In preliminary tests the device was implanted under the skin on the back or belly of rats. An injection of glucose into the bloodstream -- creating bloodglucose concentrations comparable to what might occur after a meal--was sufficient to double the implant's insulin release rate, Langer says. Rats unable to make their own insulin but carrying the enzyme-based implant were able to comfortably tolerate even large injections of glucose. Langer says the implants reacted to the glucose by dispensing insulin with a speed and in quantities that generally mimicked what occurs naturally in healthy rats.
A related biodegradable implant was also described at the ACS meeting. Again dependent on pH changes to release the drug, this implant contains both glucose oxidase and insulin dispersed rather uniformly through a solid polymer. Whenever glucose contacts the enzyme on the surface of the polymer, it produces the pH-lowering gluconic acid, which causes the implant's surface "to sort of peel like an onion," explains Jorge Heller, a polymer chemist developing the implant at SRI International in Menlo Park, Calif. In so doing, it releases some of the polymer-bound drug. Since it will also release some of the polymer-bound enzyme, Heller plans to counter the potential antigenicity problem by "grafting" polyethylene glycol onto the enzyme.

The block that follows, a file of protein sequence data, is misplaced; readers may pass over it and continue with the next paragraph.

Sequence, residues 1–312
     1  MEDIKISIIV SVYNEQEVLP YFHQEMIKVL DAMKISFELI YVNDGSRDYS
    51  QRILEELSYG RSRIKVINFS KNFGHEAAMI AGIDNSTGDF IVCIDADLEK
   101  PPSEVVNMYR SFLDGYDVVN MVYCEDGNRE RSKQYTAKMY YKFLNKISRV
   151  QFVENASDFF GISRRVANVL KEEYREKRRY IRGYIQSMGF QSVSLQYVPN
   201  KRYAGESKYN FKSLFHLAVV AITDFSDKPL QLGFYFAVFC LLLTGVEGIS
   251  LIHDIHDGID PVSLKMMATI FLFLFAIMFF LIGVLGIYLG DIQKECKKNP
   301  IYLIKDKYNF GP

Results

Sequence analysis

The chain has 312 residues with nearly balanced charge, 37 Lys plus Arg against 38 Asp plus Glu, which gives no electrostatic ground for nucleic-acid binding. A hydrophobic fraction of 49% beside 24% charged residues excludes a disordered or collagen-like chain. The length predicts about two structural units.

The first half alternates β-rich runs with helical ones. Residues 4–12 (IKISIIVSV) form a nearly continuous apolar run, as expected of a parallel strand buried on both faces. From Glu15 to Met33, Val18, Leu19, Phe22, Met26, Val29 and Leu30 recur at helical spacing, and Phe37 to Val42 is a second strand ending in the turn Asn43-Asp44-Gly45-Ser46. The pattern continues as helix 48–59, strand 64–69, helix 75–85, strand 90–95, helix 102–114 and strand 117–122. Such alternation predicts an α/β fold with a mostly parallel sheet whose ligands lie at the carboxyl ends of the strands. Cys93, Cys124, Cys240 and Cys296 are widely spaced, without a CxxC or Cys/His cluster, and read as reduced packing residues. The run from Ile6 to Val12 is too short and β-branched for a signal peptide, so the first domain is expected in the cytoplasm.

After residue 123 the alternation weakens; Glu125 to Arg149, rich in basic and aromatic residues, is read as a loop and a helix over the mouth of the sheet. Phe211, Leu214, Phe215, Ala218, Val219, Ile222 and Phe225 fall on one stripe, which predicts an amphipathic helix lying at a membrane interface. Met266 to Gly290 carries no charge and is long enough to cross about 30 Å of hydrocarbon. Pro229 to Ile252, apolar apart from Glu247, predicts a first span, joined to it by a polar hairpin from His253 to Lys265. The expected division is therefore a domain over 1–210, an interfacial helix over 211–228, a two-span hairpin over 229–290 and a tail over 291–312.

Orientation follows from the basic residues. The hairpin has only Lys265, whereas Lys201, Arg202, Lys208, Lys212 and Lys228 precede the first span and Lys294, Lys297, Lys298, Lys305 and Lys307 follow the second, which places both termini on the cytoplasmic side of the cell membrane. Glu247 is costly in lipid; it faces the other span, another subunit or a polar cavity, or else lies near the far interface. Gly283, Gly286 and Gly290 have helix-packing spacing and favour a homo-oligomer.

Yet another variable-rate insulin-delivery system using glucose oxidase is under development at the University of Washington in Seattle. In this one, the glucose-oxidase enzyme is bonded within the outer membrane of a saclike implant. One of the membrane's constituents is an amine, a compound that will take up protons and become more positively charged when the pH decreases--a situation that occurs whenever glucose contacts the enzyme. Explains biochemist Thomas Horbett, one of the system's developers, "Because we have a lot of the amine groups in the membrane, the charge repulsion [that occurs when they become positively charged] causes the membrane to swell." This allows the membrane to take up more water and become more permeable to the insulin stored inside the reservoir.
Horbett and co-developer Buddy Ratner expect an operating system would consist of a small, refillable, membrane-encased reservoir of insulin. "A 5-cubic-centimeter reservoir could easily hold a year's supply of insulin," Horbett says. However, he adds, if the implant's membrane ruptured while it contained that much, dangerously low blood sugar could result. "So in practice we'd probably fill ours with less than a year's supply."